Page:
Wednesday, March 29, 2006

College Continuation Rates for Recent High School Graduates in 2005

The college continuation rate for 2005 high school graduates was 68.6%--the highest on record since the Bureau of Labor Statistics began reporting these data in 1959. This broke the previous record of 67.0% set in 1997. Out of 2,675,000 high school graduates 1,834,000 were enrolled in college by October 2005.

Overall this is good news. A growing share of recent high school graduates have heard the message that high school is no longer sufficient to get good jobs and live a middle class American lifestyle. And they have acted on it. But scratch beneath the surface of this data and the picture quickly turns mixed. The good news is that:
  • White high school graduates were enrolled in college at a record high rate of 69.4%.
  • Male high school graduates were also enrolled at a record high rate of 66.5%. But this is just barely above the rate of 63.2% in 1968. Seems that boys appreciate college more during times of war.
  • The non-white college continuation rate was at a record high of 65.2%, but this was entirely due to the rate of 82.2% for those of other race (mainly Asians).
The darker side of these data are:
  • The college continuation rates for blacks and Hispanics were both down from previous highs. These numbers bounce around from year to year, so this may simply be a statistical spike. But they should be watched carefully. They are far below rates for whites.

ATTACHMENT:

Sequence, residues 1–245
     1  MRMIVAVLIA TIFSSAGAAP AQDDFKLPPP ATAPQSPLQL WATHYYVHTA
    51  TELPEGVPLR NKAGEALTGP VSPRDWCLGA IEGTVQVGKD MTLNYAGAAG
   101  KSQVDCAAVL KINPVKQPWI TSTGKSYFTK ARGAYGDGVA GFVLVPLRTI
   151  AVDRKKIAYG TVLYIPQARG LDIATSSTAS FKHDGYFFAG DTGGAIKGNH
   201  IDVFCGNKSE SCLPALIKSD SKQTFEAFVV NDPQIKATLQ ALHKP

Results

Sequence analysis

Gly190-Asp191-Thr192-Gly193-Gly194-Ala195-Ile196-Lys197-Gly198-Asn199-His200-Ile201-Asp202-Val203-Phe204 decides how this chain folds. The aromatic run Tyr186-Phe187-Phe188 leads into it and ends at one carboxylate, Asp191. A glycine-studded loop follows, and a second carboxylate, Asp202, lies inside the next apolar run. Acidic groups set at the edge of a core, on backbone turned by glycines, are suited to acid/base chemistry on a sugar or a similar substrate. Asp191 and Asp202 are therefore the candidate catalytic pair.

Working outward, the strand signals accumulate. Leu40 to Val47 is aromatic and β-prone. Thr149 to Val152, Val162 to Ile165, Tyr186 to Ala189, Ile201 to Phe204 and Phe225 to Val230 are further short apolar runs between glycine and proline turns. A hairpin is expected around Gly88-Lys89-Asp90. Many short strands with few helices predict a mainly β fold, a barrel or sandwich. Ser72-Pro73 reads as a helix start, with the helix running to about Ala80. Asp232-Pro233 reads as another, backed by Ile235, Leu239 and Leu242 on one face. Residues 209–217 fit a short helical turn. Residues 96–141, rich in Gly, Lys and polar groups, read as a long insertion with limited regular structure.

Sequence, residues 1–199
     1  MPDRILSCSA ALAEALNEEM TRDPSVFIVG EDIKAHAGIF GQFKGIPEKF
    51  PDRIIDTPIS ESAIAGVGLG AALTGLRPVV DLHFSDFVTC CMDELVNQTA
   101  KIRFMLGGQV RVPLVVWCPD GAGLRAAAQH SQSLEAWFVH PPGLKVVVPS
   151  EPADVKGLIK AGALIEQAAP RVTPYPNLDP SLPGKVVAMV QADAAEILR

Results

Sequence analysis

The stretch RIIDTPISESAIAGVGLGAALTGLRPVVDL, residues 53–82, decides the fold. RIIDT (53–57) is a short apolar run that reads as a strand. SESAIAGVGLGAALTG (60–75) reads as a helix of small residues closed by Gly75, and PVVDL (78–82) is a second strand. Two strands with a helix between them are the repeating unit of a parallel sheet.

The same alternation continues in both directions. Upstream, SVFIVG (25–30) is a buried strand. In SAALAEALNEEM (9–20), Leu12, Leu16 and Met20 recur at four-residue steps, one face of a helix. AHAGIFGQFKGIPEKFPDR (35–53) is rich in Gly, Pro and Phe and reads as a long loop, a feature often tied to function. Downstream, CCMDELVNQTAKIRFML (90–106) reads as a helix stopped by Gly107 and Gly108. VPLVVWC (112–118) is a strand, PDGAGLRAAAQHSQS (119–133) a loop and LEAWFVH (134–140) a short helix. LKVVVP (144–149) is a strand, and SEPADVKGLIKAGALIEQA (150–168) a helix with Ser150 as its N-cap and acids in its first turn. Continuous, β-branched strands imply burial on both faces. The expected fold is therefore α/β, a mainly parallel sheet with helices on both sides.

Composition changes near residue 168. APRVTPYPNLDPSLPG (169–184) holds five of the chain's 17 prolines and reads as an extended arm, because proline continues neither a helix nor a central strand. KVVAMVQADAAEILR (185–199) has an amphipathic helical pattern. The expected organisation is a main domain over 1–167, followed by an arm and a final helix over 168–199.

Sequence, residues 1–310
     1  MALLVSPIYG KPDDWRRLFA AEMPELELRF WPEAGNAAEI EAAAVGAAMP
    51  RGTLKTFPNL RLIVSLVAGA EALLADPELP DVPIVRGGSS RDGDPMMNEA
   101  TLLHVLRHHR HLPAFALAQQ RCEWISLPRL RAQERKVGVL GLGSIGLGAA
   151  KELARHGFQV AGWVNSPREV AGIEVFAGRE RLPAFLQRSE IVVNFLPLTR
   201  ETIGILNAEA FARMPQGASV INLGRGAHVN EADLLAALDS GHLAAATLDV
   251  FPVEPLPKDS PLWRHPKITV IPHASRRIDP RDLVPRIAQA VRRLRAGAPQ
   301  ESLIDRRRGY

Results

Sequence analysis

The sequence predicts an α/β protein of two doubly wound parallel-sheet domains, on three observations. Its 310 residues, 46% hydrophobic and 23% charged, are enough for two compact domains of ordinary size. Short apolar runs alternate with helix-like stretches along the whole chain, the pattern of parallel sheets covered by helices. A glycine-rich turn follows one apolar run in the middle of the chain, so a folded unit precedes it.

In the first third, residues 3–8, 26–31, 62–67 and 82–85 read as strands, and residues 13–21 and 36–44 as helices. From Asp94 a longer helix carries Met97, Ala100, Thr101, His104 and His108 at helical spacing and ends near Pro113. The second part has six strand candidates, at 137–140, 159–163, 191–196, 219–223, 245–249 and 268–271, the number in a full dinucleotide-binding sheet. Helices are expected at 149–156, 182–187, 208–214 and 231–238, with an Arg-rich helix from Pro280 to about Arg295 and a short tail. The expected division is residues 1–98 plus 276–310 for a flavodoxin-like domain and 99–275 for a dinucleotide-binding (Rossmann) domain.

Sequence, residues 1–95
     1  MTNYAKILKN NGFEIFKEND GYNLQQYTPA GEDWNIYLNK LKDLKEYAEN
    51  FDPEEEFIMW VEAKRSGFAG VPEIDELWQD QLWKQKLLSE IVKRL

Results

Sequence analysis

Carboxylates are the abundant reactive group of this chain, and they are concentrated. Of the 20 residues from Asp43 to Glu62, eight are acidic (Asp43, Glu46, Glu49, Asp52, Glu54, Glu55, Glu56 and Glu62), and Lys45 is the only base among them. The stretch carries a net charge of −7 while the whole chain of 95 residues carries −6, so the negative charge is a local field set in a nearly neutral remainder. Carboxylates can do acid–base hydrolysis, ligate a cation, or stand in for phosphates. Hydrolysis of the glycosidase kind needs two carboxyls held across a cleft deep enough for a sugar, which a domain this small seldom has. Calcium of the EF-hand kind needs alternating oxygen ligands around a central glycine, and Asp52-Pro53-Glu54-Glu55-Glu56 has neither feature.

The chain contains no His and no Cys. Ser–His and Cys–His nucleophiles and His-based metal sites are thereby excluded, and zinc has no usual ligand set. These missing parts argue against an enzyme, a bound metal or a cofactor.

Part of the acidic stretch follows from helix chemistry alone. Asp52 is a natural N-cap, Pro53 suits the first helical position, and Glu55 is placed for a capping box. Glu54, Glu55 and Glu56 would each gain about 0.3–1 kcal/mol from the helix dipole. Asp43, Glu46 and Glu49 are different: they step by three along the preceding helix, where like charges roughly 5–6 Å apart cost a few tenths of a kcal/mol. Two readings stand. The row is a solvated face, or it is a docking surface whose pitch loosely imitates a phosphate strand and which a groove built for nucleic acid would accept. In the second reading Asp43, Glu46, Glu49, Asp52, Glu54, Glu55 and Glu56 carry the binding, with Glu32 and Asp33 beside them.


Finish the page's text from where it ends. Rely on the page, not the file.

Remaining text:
• The gap between white and black college continuation rates has been widening since 1999.
  • The gap between white and Hispanic rates is the widest for any major minority group.
  • The share of college freshmen who were recent high school graduates that are enrolled in 4-year colleges and universities has declined steadily from 68.1% in 2001 to 65.0% in 2005.
Most dramatic in these data are the shifting racial/ethnic composition of the annual classes of high school graduates and college freshmen.
  • The white share of high school graduates has declined from 93% in 1960, to 89% by 1970, 84% by 1980, 77% by 1990, 70% by 2000 and 66% by 2005. The actual numbers have declined from a peak of 2.8 million in 1975 to 2.1 million by 2005.
  • Between 1960 and 2005 the minority share of all high school graduates has increased from 7% to 34%. The number of minority high school graduates increased from 41 thousand in 1960 to 555 thousand by 2005.
  • The white share of college freshmen has declined from 95% in 1960 to 70% by 2005. The minority share has increased from 5% to 30% during the last 35 years.
In the new flat earth Global Human Capital economy the rest of the industrial and industrializing world is aggressively expanding college participation rates. Our have languished for the last decade or more. Renewed growth in college continuation rates is very good news indeed.


At 4:56 AM, Blogger Rita Earle said...

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At 10:24 PM, Blogger flash said...

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